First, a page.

In 1946, Aldous Huxley published Brave New World – a science fiction tale about a society that has erased all individuality and emotion to achieve stability. Dystopias like this have been around for many years in both books and movies, but the popularity of The Hunger Games trilogy by Suzanne Collins has made it a red-hot area for teen and middle grade readers right now. A dystopia is the opposite of a perfect, or utopian, society. Typically, it is a future world in which the illusion of a perfect society is maintained through oppressive technological, bureaucratic or some other form of control. The protagonist will start as either accepting the status quo or even actively supporting it; but within a short space of time will have been thrown into or will take a position of opposition.
So now there are a plethora of series with high school age heroines and heroes, who are have to confront and put right the ills of a society created by adults who assume they know best for everyone. Of course, kids can relate to that!
Though these books are thematically intended for teens, they can also be very appealing to tweens and are good gateway books for them to transition into YA – young adult – fiction. The plot is fast-paced, the characters are relatable and while the violence and romance are more amped up than in the typical middle grade book, they are not usually too graphic or explicit.
In the Children’s Room, we get a lot of requests from kids looking for The Hunger Games. Of course we’re happy to put it on hold if it’s not available, but we do also like to be able to make alternate recommendations so that every kid can walk out of the library with a book that they’re really excited about. Here are some of my favorite dystopic books that I think have middle grade appeal:
Delirium by Lauren Oliver
At the age of 18, all teenagers are cured of love, aka delirium nervosa, to keep society stable. But shortly before her treatment, Lena develops romantic feelings for a boy and begins to question a government that outlaws such powerful emotions. I loved that the logic of society’s ban on love is actually pretty sound, even though morally abhorent!
Divergent by Veronica Roth
In the future, everyone is assigned into one of five factions at the age of 16. Tris, however, discovers that she doesn’t fit into any single one and has to make a choice. She finds a freedom and excitement in her new faction that she had never imagined, but then she discovers there is a conspiracy undermining the whole society. Though I found the world building a little flawed, this is a really exciting and action-packed adventure.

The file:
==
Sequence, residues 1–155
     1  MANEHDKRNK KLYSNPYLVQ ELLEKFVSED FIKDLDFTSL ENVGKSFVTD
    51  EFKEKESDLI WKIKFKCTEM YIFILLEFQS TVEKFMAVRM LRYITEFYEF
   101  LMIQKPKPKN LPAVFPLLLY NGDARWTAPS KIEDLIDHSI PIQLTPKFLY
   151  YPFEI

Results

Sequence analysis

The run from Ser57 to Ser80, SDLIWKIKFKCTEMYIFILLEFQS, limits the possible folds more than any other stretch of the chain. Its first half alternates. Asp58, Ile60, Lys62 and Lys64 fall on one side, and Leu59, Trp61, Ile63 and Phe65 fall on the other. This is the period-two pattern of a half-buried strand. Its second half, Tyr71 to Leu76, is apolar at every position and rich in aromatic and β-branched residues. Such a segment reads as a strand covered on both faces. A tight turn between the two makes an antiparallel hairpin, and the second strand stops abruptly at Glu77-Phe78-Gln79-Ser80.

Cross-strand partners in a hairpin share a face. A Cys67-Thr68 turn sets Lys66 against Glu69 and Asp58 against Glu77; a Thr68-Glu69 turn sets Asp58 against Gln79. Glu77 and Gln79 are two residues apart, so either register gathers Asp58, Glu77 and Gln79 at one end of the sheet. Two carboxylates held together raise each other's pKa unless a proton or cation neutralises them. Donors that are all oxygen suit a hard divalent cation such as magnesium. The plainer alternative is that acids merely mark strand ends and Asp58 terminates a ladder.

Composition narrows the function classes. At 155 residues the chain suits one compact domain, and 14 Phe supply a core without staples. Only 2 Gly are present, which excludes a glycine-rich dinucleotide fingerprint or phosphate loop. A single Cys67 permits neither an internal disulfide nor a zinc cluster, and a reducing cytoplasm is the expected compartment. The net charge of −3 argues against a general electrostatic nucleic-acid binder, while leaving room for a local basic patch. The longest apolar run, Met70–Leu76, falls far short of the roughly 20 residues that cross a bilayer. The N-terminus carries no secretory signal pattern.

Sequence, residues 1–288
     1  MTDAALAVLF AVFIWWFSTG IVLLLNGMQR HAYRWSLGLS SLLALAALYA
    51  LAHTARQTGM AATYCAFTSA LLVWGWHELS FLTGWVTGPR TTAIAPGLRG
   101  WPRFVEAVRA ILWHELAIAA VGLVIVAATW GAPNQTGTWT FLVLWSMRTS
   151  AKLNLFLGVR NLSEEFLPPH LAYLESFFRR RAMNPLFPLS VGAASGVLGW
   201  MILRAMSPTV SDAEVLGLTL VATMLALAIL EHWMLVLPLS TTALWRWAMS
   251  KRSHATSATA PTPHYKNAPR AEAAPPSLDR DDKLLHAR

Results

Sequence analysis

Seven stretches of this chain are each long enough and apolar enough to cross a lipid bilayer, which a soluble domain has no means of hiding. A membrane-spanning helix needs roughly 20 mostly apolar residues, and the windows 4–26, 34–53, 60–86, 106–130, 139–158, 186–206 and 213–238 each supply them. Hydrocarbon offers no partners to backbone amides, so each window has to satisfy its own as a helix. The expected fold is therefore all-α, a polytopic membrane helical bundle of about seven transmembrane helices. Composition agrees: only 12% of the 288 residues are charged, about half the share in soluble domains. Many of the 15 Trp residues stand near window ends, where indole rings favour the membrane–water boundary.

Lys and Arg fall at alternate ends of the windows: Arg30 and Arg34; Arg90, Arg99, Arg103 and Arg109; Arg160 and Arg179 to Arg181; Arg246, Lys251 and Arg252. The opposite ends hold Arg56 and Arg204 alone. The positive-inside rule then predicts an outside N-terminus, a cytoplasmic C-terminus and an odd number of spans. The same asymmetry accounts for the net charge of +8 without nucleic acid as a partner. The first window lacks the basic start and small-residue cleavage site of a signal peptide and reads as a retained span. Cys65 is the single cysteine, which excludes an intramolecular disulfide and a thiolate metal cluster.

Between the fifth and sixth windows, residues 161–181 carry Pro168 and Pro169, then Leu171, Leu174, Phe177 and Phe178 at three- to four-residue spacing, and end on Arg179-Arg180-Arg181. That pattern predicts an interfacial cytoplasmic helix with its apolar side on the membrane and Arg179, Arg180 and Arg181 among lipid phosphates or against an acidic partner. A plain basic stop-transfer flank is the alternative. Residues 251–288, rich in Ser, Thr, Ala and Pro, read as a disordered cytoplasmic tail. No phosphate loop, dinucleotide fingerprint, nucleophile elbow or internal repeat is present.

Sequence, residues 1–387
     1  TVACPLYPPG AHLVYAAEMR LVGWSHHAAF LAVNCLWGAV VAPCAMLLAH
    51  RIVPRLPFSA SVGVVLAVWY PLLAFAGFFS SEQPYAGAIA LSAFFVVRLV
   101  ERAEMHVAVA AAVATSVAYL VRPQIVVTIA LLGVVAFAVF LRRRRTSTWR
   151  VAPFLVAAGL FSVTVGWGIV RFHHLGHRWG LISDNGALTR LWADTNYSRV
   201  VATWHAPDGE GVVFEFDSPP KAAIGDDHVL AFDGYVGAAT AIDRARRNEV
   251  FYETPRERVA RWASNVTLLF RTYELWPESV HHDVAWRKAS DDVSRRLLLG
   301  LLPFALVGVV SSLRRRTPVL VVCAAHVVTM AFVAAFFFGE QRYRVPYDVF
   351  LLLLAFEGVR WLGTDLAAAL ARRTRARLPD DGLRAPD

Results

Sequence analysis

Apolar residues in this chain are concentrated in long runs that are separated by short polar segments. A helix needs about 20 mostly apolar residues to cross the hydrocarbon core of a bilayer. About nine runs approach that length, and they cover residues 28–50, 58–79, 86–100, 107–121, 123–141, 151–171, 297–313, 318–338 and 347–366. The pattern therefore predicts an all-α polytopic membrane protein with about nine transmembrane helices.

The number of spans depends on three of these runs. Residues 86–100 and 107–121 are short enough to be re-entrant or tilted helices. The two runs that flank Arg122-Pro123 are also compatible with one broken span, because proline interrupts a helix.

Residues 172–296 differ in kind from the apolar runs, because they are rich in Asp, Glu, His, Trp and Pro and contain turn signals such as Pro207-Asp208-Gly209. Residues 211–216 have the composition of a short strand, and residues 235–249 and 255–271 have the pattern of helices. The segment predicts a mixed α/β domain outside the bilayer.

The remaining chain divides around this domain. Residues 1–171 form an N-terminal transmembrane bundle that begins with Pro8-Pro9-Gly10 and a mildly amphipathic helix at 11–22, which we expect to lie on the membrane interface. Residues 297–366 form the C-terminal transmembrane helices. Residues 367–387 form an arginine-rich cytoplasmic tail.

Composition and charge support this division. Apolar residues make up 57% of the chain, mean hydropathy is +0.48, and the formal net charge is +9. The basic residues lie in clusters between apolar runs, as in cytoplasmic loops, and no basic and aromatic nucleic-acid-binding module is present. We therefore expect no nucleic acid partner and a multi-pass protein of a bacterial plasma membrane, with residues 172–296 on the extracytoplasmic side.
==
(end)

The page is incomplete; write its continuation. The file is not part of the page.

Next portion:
The Giver by Lois Lowry
Though this is found in the Children’s Room, it is in many ways darker than other dystopic novels. At the age of 12, Jonas is assigned the role of receiver of memories for his community. But like many other dystopic protagonists, he quickly finds out his perfect society has a dark underside. I find The Giver quieter and more thoughtful than many of the current crop of dystopic fiction.
Incarceron by Catherine Fisher
Finn is incarcerated in a world-sized prison. Claudia, a high ranking young woman, is about to be imprisoned in an arranged marriage. They both find keys that somehow connect them and their futures. I found the world in which Claudia lives particularly fascinating: it’s an Elizabethan age that recreated so that no more mass destruction could be committed.
Legend by Marie Lu
Day is one of the Republic’s most wanted criminals and June is a prodigy of the Republic military. You can guess where the story is going but I found the ride really engrossing and thought-provoking.
Matched by Ally Condie
Life is perfect for Cassia and she is looking forward to the big Matching ball at which she will find out who her life partner is going to be. But the Matching process does not go as planned and Cassia begins to question everything that the Society does for her. Though similar in theme to Delirium, I found this lighter and more romantic.
Uglies by Scott Westerfeld
At the age of 16, all teens are operated on to make them perfectly Pretty. Tally can’t wait, but before she reaches her birthday, she discovers there is more to her society than partying all the time and that there is an alternate society operating outside the city. I thought this was a great romp which raises interesting questions about conformity and acceptance of social norms.